The lighting was very simple: only one texture (Fig.12) on a geosphere ("Sky”). But for the reflections, this texture was not suitable so I I used the sky material, VRayOverrideMtl (Fig.13). It allowed me to use two different materials for the reflection and illumination on one object ("Sky").
The textures for the reflection and illumination were created in Vue, with the minimum quality. The final texture for the background was created with the maximum quality. I then finished the textures in Photoshop (for example, some dark blue stains on a texture (see Fig.12) were necessary for the creation of dark blue reflections from the spectator). This texture was used for the background (Fig.14).
I switched off Visible to Camera in the properties of the geosphere ("Sky"), so that the background was visible through it. I then developed materials for the scene objects in a separate file with the same lighting as in the main file. In this additional file there were only objects necessary for lighting and those developed with a material in mind to speed up test renders.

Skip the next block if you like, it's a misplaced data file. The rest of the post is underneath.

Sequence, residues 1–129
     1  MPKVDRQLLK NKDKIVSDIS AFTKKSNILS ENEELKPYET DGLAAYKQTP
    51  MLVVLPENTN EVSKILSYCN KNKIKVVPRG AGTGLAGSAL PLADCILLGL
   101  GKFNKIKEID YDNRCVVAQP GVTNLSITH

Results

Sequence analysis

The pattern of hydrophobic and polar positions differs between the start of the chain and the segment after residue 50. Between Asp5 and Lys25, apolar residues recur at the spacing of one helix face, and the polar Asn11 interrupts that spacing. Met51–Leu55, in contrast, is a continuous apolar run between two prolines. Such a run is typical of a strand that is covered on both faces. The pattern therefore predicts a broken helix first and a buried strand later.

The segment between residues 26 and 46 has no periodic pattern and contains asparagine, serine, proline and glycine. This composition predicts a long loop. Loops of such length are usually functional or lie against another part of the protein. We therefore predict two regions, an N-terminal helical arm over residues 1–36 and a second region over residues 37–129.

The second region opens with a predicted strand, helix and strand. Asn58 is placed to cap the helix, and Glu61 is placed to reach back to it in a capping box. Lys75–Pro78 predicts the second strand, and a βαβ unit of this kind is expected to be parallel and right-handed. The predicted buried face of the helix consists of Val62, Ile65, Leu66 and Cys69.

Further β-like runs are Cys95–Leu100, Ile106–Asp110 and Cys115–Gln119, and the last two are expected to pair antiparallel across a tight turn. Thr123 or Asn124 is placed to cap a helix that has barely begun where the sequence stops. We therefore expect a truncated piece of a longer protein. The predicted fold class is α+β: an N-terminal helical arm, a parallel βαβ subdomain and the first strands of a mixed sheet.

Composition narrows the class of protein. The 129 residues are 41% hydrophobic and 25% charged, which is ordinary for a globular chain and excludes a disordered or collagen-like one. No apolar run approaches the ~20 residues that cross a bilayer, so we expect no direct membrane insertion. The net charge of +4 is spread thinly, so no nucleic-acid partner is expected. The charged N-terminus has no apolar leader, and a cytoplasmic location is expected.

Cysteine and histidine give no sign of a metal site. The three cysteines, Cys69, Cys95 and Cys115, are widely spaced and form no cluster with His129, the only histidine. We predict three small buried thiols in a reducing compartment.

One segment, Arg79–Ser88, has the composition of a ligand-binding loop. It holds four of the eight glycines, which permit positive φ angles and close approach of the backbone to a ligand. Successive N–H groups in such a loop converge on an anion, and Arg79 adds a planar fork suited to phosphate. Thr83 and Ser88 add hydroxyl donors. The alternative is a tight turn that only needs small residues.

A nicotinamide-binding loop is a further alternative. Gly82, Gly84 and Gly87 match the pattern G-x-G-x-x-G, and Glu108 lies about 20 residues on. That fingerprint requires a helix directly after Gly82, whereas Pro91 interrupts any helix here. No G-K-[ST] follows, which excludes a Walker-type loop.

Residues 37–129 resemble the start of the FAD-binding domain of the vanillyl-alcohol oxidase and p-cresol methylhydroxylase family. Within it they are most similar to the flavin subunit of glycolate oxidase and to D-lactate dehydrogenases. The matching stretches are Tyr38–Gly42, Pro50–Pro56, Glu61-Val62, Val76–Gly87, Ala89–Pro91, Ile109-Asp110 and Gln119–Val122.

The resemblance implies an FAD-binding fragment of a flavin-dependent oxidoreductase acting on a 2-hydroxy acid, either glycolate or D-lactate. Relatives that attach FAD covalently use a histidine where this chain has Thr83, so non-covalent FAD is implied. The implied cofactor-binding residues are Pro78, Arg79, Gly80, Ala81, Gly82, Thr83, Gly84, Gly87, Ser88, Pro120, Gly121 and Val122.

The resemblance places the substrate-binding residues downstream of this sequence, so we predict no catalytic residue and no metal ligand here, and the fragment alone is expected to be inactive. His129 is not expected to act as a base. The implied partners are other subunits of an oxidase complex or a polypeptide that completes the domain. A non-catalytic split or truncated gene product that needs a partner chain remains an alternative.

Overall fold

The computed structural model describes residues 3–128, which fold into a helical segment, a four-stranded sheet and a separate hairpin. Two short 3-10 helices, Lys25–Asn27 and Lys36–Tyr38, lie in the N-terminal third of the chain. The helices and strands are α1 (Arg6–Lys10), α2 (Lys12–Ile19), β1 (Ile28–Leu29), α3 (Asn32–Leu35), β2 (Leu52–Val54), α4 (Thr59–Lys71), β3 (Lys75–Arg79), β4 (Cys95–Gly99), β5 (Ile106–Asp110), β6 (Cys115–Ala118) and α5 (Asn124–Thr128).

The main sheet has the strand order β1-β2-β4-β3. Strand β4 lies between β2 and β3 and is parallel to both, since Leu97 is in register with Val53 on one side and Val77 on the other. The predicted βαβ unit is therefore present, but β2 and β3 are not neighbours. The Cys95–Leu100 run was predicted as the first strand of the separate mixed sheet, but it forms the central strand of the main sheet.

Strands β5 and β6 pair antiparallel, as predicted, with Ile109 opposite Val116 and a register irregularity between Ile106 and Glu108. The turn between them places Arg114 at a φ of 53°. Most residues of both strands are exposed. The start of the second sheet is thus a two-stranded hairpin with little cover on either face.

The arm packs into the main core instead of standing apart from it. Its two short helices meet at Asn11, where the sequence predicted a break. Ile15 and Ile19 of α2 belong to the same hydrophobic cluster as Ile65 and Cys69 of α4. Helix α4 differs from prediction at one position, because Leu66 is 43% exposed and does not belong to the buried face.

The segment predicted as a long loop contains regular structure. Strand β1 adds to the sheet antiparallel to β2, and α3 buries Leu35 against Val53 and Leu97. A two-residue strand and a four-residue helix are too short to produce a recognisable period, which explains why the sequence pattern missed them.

I added contrast to one of the cocoons in the foreground, and dipped the bright lights in the distance (in Photoshop). Experiments with Max's fog failed right from the very beginning of the work, and so I decided to render VRay Zdepth as a render element. To make sure I didn't lose the sky in this fog, I also created a Vray Alpha. The fog image layers were then processed in Photoshop (Fig.15) and then combined back in Max (Fig.15).
I have tried to cover the most important aspects in the creation of my artwork in this article – I apologise if some think that I have not explained things enough. Have a look at the final image again and you'll see that there is nothing too difficult going on here – just time, and a love for art. I wish you all the very best success. Thanks for reading.